The Starry Wisdom
A Tribute to H. P. Lovecraft
Edited by D. M. Mitchell
An Occasional Look at Lovecraftian Anthologies: 8
Do you like wallowing in other people’s shit? No, I’m serious. Is your particular satisfaction based on getting right down there and rolling around in the excreted waste of others? Or reading loving descriptions of the same?
How about descriptions of male and female genitalia so extreme that they are more than likely going to turn you off sex for life?
Well, if that’s your thing, then rush right on out and buy yourself a copy of The Starry Wisdom; if you’re not quite so much into that, then avoid it at all costs.
Listen, I’m not stupid and I’m certainly not prudish. I can see what editor D. M. Mitchell is up to with his selection. A good thing to be said about it is that it certainly shakes up that feeling of sameness that some HPL-inspired tales have.
And there should always be room for something unusual, even if you don’t really agree with it.
Or get it.
Or are into it.
Calling it a tribute to HPL, though…woah, that’s a bit much, isn’t it? I mean, that whirring sound you can hear is the corpse of the man himself up in Swan Point Cemetery, spinning around at top speed.
Stories for True Romantics
Just to get things off in the right vein there is that very divisive wordsmith, Grant Morrison. With Lovecraft in Heaven we get to enjoy and have a fond few laughs over the dying writer’s final moments as he remembers pleasant interludes with his mother and later with wife Sonia:
“Blind, restless mouths, zodiacal pincers and claws, the deepsea smell of his death, like her smell, the archaic scent of his wife, his lunatic mother in her chains. His death that he smelled in the marine chambers of her cunt so long ago and failed to recognise.”
There’s more – by hell, is there more; we haven’t even gotten to his ‘father’s cock, bursting with maggots’ yet – but you get the idea.
And that’s followed by a five-page graphic art piece (with the emphasis on ‘graphic’) called Third Eye Butterfly by James Havoc and Mike Philbin.
I literally – literally – don’t have a clue what this is about. The closest I can make out is that it’s some sort of paean of praise to a strange lady’s asshole. What it has to do with Lovecraft I have not the faintest idea. It’s not even half-decent pornography.
There are 23 stories here in all and I’ve no intention of describing them individually. Those two that I’ve mentioned should give you an idea if this is for you.
I wasn’t even all that gone on the offering from that wonderful Lovecraftian scholar, Robert E. Price. His tale, A Thousand Young, has one of the most unpleasant protagonists that you can imagine. This creep even orchestrates, in a most appalling way, the anal rape of his own girlfriend. Again, I could see what Price was up to – I just didn’t care for it.
And I don’t normally care for Brian Lumley’s work either (for very different reasons); but his The Night Sea-Maid Went Down is really enjoyable – and with not a penis, vagina or tenderly described steaming pile of manure in sight. I even appreciated the ecological angle to it. After rereading some of HPL’s letters recently I was surprised to note that it’s a subject that he mentions himself, even back in the ‘20s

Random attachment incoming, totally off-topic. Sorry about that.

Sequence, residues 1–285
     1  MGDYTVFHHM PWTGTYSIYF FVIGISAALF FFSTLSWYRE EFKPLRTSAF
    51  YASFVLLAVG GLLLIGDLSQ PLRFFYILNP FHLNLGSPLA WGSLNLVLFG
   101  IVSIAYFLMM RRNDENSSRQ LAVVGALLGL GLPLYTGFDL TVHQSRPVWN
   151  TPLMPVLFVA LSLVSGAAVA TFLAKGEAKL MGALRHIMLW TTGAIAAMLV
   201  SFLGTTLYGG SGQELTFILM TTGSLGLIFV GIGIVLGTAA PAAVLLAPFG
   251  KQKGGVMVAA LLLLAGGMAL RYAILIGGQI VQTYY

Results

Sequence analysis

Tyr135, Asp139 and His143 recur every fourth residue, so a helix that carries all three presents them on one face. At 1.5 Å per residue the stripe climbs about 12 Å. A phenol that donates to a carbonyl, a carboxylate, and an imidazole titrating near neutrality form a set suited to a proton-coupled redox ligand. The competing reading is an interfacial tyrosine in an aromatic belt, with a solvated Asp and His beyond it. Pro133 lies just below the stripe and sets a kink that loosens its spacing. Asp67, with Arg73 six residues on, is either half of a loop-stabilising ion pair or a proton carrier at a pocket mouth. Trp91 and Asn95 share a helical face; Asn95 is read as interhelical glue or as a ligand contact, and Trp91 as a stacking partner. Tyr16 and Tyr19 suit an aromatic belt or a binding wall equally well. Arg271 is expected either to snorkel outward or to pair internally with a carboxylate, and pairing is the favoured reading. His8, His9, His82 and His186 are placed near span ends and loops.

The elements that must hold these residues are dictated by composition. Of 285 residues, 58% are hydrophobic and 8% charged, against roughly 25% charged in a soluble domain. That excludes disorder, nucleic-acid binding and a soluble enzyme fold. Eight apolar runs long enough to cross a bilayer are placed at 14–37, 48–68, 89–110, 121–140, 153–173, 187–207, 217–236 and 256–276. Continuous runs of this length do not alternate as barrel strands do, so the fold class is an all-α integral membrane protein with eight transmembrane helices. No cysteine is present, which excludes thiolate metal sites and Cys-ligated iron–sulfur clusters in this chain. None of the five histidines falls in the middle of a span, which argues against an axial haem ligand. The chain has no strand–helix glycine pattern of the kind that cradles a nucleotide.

I think that the same eco-argument is being used for including Henry Wessels’ From this Swamp; but I’m not buying that line at all.
- G. Ballard isn’t a writer that I would associate with HPL, but one of his lesser pieces is here and it’s the relatively sane Prisoner of the Coral Deep.
And ‘sane’ isn’t a term that can be applied in any shape to the pretentious nonsense that is Dan Kellett’s Red Mass. This is utter, untreated crap. (See how the ‘shit’ motif is contagious?)
wind die you die we die is William S. Burroughs in restrained mode. Yes, well spotted: the words ‘William Burroughs’ and ‘restrained mode’ appearing in the same sentence. And in this anthology, of all places. That may be the most controversial thing about this book.
Or maybe not. Walpurgisnachtmusik by Simon Whitechapel is so extreme that even Creation Books carry a disclaimer. Put it this way, you’re likely to be offended if you’re Jewish.
Or a female.
Or a human.
You know, it’s interesting. I bought this book over twenty years ago, mainly for the Alan Moore tale, The Courtyard. I wonder if this collection looked fresh and unconventional back then; because now a great deal of it just looks like pretentious, shocking-for-the-sake-of-it rubbish.
Mind you, it’s almost worth it for the 32-page illustrated adaptation of The Call of Cthulhu by the brilliant artist John Coulthart; but I want to do a separate article on him next time around and so I’ll pass over it for the moment.
And something of a surprise was Black Static. I nearly gave up on this because of the opening section, which surprisingly enough described shit, excreta, physical waste, bodily matter and — running out of ways to describe crap – I think that some pus was thrown in. I’m not sure; my eyes had begun to glaze over at this stage. But once you wade (and I do mean wade) through all that, there is a decent story here that – incredibly – I do believe that Lovecraft himself would have approved of. It’s by David Conway, one of the founding members of that pleasant band of melodic tunesmiths ‘My Bloody Valentine’ — and the guy can write. You know, when he gets over his anal fixation.
There you go. Another public service from your favourite socially conscious blog. The Starry Wisdom is certainly not my glass of warm diarrhea — but it is different. And if you buy it and then claim to be offended, I’m sorry.
It’s not like you haven’t been warned.
Next: The Haunter of the Dark and Other Grotesque Visions
The Starry Wisdom
Published by Creation Books. 1994